To say Lake Placid strains believability is an understatement. From a staged medley of characters to forced romances, the film is as lifeless and recycled as a low-budget horror flick.
Writer-producer David E. Kelley (creator of television's Ally McBeal) imagines just putting a city girl and a country boy together in the woods will make sparks fly. But New York paleontologist Kelly Scott (Bridget Fonda at her brittle worst) and Fish and Game Warden Jack Wells (Bill Pullman) are little more than cardboard cutouts.
We're besieged with inconsistent character development. Kelly flip-flops from irritation over being sent to mosquito-filled backwoods to sparring sessions with Jack over leading the investigation. Sheriff Hank Keough (Brendan Gleeson) will make a witty, incisive comment only to appear the backwoods yokel in the next scene.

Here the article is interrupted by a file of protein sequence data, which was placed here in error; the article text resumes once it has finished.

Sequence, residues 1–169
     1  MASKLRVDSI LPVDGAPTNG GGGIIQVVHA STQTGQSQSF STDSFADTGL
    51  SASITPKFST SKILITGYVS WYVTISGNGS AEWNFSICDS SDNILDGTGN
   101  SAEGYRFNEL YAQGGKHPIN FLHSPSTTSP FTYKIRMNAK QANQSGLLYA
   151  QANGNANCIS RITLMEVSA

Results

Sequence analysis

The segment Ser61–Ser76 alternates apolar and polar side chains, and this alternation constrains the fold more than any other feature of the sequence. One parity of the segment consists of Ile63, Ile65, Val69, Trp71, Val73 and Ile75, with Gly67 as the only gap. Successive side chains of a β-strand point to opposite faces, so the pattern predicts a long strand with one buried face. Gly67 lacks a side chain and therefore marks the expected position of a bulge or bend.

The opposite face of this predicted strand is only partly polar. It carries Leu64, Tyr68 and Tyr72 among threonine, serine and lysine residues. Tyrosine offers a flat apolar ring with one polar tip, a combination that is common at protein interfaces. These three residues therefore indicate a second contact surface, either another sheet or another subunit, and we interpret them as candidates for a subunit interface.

While closing action sequences give us breathtaking views of the lake monster, most attacks are too extreme to be believable, or even scary. The film runs through horror movie clichés while trying to set up a moral choice between killing the monster and leaving a wild animal in peace. It's like some mutant offspring of Jaws and Gorillas in the Mist. Steer clear.